Fear can be healthy. Fear keeps us from doing bad things. Fear can also paralyze us so it’s important to understand how to interpret our fears. Team leads/managers have to learn to sense their own fears and translate those into actionable items or at least a watchlist. Typical fears for me include (and oddly most of them come in the form of questions):

  • Did I forget to do something I said I would do?
  • Are we on track with the project I’m leading?
  • I hope our users are happy with our work.
  • Is everyone happy with me and the work they do?
  • What am I missing?
  • Are our priorities right?
  • Where are these voices coming from? (kidding, maybe)

I’m not saying leads are the only one with fears. We all have things like this we keep in our minds. Every one of these fears (except maybe the last one) can have some actionable item to keep the fear in check. Fear is a motivator. Use your fear to keep your team humming along.

What I’m not suggesting is using fear to intimidate your team into motivating them to work faster, harder, longer hours. You need to show your team empathy and compassion to turn their fears into motivation to do a great job. Make sure they know you have their backs and that a level of trust exists. When you get status updates make sure to restate that progress back at some point in some fashion so they know they heard you. You wouldn’t be a lead without them and they wouldn’t have a direction and focus without you. They have their own fears – don’t make one of them you.

Focus & The Non-Permanence of Pencils

fullsizerender
I’ve been trying to brainstorm ideas on paper lately before committing to an approach on how to solve a problem. For some reason I wasn’t getting a ton of satisfaction switching back to pen & paper – it wasn’t helping my focus. Then I realized something from my days in school. I used to prefer pencil over pen because of the feel of the graphite on the paper and the non-permanence it implies.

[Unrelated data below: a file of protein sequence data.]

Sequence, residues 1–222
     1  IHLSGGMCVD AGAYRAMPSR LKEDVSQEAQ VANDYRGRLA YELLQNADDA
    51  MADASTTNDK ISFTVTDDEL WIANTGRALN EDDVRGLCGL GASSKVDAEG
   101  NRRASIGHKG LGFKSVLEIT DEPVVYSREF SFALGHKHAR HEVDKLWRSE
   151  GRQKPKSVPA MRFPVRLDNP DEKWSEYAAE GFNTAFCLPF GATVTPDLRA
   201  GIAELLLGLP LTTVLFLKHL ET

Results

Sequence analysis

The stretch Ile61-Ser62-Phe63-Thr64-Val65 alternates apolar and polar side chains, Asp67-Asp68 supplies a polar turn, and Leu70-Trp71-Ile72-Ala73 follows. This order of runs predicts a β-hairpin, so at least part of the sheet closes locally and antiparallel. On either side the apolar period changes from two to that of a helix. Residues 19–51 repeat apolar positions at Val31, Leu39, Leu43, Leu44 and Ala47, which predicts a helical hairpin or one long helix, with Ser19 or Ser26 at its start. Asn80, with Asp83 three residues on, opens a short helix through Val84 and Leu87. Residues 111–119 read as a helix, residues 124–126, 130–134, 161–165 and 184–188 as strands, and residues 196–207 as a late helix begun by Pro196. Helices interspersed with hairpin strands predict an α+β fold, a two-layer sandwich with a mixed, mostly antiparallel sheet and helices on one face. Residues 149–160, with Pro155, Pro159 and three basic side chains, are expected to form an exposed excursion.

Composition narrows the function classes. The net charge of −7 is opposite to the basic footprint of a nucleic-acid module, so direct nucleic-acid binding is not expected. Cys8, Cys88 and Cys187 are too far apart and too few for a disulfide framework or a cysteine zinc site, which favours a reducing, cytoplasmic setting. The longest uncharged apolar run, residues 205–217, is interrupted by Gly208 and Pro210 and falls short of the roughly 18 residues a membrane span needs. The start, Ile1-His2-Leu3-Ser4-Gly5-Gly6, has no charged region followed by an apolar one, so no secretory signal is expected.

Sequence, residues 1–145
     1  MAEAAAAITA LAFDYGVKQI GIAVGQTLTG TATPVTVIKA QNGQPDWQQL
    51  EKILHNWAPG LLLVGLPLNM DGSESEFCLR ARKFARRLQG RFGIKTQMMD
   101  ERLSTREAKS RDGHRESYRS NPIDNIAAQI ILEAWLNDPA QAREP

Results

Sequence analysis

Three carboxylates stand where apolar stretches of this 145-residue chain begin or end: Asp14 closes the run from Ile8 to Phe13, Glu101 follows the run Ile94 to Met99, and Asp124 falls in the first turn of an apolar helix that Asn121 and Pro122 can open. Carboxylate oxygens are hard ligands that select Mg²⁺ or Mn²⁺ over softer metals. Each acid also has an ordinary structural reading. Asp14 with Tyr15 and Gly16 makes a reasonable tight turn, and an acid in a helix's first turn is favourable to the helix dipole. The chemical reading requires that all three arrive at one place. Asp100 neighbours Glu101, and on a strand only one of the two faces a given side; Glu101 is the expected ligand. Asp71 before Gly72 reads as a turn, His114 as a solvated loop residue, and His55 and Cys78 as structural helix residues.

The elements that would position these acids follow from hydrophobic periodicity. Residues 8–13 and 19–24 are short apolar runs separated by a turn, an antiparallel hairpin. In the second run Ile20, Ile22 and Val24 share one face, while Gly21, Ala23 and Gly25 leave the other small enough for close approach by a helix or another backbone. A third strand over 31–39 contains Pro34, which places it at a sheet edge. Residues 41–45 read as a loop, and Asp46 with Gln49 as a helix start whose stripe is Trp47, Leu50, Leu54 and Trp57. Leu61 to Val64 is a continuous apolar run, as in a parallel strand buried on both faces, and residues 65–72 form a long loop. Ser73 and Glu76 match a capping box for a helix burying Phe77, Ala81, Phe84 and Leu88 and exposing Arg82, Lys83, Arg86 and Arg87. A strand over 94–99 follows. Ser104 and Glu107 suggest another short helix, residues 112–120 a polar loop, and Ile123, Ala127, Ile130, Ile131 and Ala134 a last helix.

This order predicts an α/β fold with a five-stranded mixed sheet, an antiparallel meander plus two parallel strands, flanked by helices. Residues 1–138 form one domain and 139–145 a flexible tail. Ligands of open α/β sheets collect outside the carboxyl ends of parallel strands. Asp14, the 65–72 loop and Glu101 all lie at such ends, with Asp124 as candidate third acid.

The biggest obstacle I have to starting something is my brain trying to understand an entire solution before I’ve started it. Brainstorming like this should be helping me with incrementally breaking down a problem into pieces and finding out what I don’t know. For some reason the permanence of ink makes me feel like I need to put more thought into things before writing them down. That defeats the point of brainstorming!

So for me, I’m back to a pencil.

Experience Life as a Beginner

I’m nearly four years into my challenge of hacking my brain to be successful at working remote with Attention Deficit Disorder. I’ve struggled with trying to understand my behaviors and challenge myself to change incrementely over time. There’s one repeated concept that always comes up in my practice – my past experiences both help and hinder my progress. The key is being able to experience life as a beginner.

Beginners have a great platform to learn knew things. First off they realize they have a set of things they need and want to learn. There is motivation to better yourself and usually a fairly well defined place to gain the knowledge from. Beginners have (or will quickly) admit they don’t have all the answers. Those of us with experience trying to learn new things may think we understand things well enough. We’re not open to seeing things as a whole.